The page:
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Delaware Senate Democrats

Senate passes legislation to strengthen protections for Delaware workers facing workplace misconduct

March 7, 2024

DOVER – The Senate on Thursday passed legislation to expand and protect the employment rights of Delaware workers.

Sponsored by Sen. Laura Sturgeon, Senate Bill 147 (S) would allow workers to enter electronically stored business records as evidence of workplace misconduct in a court of law without fear of being criminally charged or countersued by their employer for violating Delaware’s computer crimes statute.

“Every Delawareans has a fundamental right to work in an environment that’s free of discrimination and harassment,” Sen. Sturgeon said.

“The Senate today voted to help workers stand up for themselves when they are subjected to discrimination, harassment or misconduct in the workplace and seek justice in our courts,” she said. “I want to thank my colleagues for working with me to make sure our laws are empowering workers in the First State to fight for their rights without the fear of legal retaliation.” 

Under current state law, workers who use email, electronic records, and other computer systems to document violations of state and federal employment law can be charged with a misdemeanor and threatened with a civil suit that far exceeds any compensation they would be awarded if their misconduct claim was successful.

SB 147 (S) would create a narrow exception in Delaware’s computer crimes law that protects workers from criminal and civil liability when they access or disclose electronic records in pursuit of a workplace misconduct claim. 

“Workers in Delaware shouldn’t fear termination or other repercussions if they’re harassed or subjected to discrimination,” said Rep. Ed Osienski, the House prime sponsor of SB 147 (S). “Further, no one should be criminally or civilly penalized for accessing, even discussing electronic employment records they are normally authorized to have access to. This bill brings common-sense protection to Delawareans who are involved in workplace misconduct claims.”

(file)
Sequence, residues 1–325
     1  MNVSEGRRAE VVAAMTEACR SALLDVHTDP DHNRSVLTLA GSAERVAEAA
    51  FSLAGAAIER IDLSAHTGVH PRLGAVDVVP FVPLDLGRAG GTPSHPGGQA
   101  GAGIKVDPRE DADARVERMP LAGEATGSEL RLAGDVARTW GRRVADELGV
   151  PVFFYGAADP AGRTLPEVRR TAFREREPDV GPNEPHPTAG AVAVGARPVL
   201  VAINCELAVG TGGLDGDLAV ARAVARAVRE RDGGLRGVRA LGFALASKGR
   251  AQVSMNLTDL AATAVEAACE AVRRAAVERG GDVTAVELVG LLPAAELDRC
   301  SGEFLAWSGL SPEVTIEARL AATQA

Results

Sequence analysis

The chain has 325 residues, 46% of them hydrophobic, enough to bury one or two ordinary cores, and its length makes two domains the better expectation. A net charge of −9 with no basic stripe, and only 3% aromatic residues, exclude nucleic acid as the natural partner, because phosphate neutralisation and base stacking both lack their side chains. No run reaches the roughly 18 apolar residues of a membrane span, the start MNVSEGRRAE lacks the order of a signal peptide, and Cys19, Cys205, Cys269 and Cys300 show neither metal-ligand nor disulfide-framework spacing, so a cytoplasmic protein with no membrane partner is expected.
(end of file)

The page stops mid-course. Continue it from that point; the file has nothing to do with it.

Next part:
SB 147 (S) was first introduced by Sen. Sturgeon and Rep. Osienski in 2023 as part of a three-bill legislative package to enhance the ability of workers to pursue legal actions when their employment rights are violated.

The other two bills in that package were passed by the General Assembly and signed into law by Governor John Carney last year.

They included Senate Bill 145, which increased the monetary damages that Delaware Superior Court can award when workers successfully prove they were the victims of workplace discrimination, and Senate Bill 146, which helped workers meet the 300-day statute of limitations for employment discrimination claims.

Governor Carney in 2023 also signed Senate Bill 27, sponsored by Sen. Sturgeon and Rep. Osienski, that increased the statute of limitations for workers to file a claim for unpaid wages.

SB 147 (S) now heads to the House for final consideration.